The Cultural Politics of the Black Power Movement and the Search for a Black Aesthetic
Publication Year: 2010
Published by: University of Virginia Press
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Cotton Comes to Harlem: An Introduction
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In 1966 James Meredith, a nonviolence advocate, a veteran of the Civil Rights Movement, and the first African American to graduate from the University of Mississippi, began a symbolic walk across the state of Mississippi that he called “The March against Fear.”1 Meredith hoped that his act would “tear down the fear that grips the Negroes in Mississippi,” but the...
1. “Black Is Beautiful!”: Black Power Culture, Visual Culture, and the Black Panther Party
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Ernesto “Che” Guevara’s simple formulation of the factors that enabled the 1965 revolution in Cuba and that could potentially enable revolution throughout the world were widely read and highly influential among all who considered themselves dispossessed and revolutionary during the social and cultural upheaval of the mid-1960s to late 1970s. In a 1968 film, ...
2. Radical Chic: Affiliation, Identification, and the Black Panther Party
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In 1970, Tom Wolfe published two short accounts of the exchange between black radical politics and its white supporters that would become foundational to the ways in which that interaction would come to be defined. The cover of Radical Chic and Mau-Mauing the Flak Catchers sports a satirical photograph of a well-coifed white woman on the lap of an African American...
3. “We Waitin’ on You”: Black Power, Black Intellectuals, and the Search to Define a Black Aesthetic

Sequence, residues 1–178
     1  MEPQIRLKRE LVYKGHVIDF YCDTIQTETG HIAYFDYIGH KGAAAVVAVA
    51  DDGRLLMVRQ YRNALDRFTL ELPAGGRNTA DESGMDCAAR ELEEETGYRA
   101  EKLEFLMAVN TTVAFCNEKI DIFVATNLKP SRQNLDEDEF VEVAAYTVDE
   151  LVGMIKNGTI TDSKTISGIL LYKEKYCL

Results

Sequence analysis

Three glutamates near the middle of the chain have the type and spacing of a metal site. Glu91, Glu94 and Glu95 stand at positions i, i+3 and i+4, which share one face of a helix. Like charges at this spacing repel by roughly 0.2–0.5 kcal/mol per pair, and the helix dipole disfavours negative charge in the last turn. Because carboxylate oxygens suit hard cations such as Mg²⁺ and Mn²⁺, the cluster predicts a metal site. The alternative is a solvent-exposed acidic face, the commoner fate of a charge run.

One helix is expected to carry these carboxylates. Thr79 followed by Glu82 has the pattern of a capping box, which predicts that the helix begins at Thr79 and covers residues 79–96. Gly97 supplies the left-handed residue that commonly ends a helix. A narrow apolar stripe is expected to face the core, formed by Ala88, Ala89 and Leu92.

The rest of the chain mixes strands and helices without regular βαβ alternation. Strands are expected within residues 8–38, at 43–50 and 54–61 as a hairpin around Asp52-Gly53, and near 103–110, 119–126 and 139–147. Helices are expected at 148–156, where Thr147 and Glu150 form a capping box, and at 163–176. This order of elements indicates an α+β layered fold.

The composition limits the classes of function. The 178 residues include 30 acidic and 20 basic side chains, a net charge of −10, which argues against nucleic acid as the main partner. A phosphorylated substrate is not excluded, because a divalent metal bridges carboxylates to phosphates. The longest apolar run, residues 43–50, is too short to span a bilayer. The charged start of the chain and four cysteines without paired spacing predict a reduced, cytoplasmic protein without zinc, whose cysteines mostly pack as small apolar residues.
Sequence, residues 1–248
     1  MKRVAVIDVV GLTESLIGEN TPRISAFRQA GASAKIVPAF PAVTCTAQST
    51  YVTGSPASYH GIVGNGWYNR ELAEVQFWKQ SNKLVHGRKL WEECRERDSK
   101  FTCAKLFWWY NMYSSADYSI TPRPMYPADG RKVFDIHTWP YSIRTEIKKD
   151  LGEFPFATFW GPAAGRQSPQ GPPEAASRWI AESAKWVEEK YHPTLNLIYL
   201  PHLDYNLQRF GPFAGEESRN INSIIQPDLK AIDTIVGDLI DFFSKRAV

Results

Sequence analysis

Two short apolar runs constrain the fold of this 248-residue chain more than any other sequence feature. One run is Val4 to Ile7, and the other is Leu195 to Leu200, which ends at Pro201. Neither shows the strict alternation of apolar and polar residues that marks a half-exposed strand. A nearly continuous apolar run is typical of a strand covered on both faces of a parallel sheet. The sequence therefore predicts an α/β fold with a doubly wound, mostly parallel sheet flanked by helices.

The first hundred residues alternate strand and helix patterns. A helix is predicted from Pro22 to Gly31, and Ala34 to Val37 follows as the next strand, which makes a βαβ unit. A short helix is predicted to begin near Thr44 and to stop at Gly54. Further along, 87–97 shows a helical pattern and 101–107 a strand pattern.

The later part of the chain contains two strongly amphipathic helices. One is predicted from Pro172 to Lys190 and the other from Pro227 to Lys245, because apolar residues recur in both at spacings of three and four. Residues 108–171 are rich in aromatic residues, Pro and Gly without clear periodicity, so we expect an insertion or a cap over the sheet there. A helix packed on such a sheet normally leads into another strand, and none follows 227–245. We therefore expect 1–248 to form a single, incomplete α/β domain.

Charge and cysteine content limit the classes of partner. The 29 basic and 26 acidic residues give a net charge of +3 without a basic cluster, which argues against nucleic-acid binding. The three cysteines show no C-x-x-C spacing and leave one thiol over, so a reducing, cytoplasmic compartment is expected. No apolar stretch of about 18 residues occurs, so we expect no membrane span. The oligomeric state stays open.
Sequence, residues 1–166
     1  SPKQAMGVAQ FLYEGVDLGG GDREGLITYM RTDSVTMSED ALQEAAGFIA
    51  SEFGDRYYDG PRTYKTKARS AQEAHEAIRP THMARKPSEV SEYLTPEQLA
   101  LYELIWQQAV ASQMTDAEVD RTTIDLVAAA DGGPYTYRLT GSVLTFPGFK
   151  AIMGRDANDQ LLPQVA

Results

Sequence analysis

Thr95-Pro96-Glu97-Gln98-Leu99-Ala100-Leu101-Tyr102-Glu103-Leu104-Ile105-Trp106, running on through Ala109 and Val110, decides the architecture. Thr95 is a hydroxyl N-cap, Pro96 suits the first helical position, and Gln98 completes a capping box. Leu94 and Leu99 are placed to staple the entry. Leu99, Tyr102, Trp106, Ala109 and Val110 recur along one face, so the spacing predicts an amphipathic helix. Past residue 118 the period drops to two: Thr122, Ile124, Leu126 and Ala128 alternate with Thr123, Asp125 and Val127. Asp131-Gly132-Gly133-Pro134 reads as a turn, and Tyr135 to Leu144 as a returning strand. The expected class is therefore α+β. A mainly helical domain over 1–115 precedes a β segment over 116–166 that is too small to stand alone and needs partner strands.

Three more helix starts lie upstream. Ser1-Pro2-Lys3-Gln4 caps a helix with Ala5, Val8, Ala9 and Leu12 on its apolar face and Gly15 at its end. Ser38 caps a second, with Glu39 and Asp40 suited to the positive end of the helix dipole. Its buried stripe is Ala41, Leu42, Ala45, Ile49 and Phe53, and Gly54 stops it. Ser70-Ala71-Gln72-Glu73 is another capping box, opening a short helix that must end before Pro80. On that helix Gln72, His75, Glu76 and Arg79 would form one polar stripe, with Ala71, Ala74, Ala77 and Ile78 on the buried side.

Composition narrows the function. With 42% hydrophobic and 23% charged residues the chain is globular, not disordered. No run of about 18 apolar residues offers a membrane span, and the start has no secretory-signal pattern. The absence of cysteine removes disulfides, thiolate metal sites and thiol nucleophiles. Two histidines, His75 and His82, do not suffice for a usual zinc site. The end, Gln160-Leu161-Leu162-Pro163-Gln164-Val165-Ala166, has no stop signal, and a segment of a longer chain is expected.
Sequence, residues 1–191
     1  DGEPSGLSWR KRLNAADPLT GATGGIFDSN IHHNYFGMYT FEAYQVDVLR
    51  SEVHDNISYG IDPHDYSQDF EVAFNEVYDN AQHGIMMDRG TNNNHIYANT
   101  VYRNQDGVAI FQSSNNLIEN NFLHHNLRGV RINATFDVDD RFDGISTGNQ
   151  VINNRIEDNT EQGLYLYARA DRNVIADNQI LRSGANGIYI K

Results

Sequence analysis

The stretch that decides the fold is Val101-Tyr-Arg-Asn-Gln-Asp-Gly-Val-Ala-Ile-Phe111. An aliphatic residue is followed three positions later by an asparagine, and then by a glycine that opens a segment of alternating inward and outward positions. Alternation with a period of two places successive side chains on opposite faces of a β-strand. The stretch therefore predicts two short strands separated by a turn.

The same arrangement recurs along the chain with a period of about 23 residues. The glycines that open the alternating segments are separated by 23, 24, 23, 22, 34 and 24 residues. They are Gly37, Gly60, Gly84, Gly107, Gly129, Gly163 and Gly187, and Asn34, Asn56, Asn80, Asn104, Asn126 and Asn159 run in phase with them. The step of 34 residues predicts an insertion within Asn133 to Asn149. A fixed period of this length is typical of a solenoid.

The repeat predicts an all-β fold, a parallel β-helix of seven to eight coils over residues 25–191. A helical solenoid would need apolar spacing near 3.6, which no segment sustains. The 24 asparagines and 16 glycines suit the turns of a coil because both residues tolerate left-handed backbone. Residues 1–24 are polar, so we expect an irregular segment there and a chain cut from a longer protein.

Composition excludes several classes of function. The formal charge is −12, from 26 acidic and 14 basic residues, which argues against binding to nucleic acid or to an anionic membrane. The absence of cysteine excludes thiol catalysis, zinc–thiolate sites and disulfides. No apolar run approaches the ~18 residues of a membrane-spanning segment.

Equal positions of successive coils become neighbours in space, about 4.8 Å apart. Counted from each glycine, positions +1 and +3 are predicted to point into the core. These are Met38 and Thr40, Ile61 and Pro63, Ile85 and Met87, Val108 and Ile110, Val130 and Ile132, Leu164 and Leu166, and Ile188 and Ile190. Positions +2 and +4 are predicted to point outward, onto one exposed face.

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On 24 March 1964, LeRoi Jones’s Dutchman opened at the Cherry Lane Theater, an off-Broadway stage. The play, which was both groundbreaking and controversial, would go on to win an Obie Award. Langston Hughes would characterize 1964 as “The Jones Year,” noting that Jones’s plays were so controversial that of the five staged in New York in 1964, ...
4. “People Get Ready!”: Music, Revolutionary Nationalism, and the Black Arts Movement
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“Theme music . . . every hero needs to have some,” says the hero of Keenan Ivory Wayans’s underappreciated spoof of Blaxploitation films, I’m Gonna Get You Sucka (1988). For the African American heroes of the struggle for social justice, this was undoubtedly true. Historically, African American culture has regarded musical genres as arbiters of heroic proportions for...
5. “You Better Watch This Good Shit!”: Black Spectatorship, Black Masculinity, and Blaxploitation Film
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In 1965 much of the world watched on television as the Watts section of Los Angeles exploded in what was up until then the largest urban uprising of its kind in U.S. history. Images of African American bodies as active agents of violence in the rioting and as the inescapable victims of the batons and bullets of the Los Angeles Police Department and the National Guard were...
Conclusion: Dick Gregory at the Playboy Club
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Despite the fact that Richard Wright’s Black Power! A Record of Reactions in a Land of Pathos was one of the first widely disseminated texts to use the term “Black Power,” it is profoundly ambivalent in relation to intraracial unity, the notion of a shared racial memory, and the African liberation movements that the Black Power movement would later celebrate. Wright, ...
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Page Count: 240
Publication Year: 2010